Abstract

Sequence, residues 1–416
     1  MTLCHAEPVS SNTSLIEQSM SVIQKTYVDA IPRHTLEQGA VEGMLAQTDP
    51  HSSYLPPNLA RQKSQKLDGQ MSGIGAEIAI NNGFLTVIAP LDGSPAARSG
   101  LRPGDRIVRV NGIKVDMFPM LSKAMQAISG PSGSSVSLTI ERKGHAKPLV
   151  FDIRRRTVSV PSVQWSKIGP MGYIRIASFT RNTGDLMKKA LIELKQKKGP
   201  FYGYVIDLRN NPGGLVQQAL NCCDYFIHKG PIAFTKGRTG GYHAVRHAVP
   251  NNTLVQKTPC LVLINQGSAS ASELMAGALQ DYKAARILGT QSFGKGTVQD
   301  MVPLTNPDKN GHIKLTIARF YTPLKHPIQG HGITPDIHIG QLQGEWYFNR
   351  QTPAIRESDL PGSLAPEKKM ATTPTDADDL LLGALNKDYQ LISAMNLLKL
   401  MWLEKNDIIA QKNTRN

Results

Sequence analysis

The southern African region is in close proximity to the South Atlantic Anomaly, a region between Africa and South America where the geomagnetic field is significantly weaker than at other comparable latitudes and is decreasing strongly. Between 2005 and 2009 very dense annual magnetic repeat station surveys were conducted in southern Africa within the framework of COMPASS (Comprehensive Magnetic Processes under the African Southern Sub-continent). This project aims at studying the regional geomagnetic field and particularly its evolutionary behaviour as part of the Inkaba yeAfrica cooperative project between Germany and South-Africa. We have modelled the magnetic field and its secular variation by means of two different techniques, one based on surface polynomials, the other on harmonic splines. Both approaches succeed in describing the characteristic time variations of the magnetic field components in this area. The rapid changes observed in the declination and vertical component during the period of investigation and revealed by the modelling results are of particular interest. Secular variation changes observed in the time-series of the Hermanus and the recently established Keetmanshoop magnetic observatories reveal the occurrence of a geomagnetic jerk in 2007.

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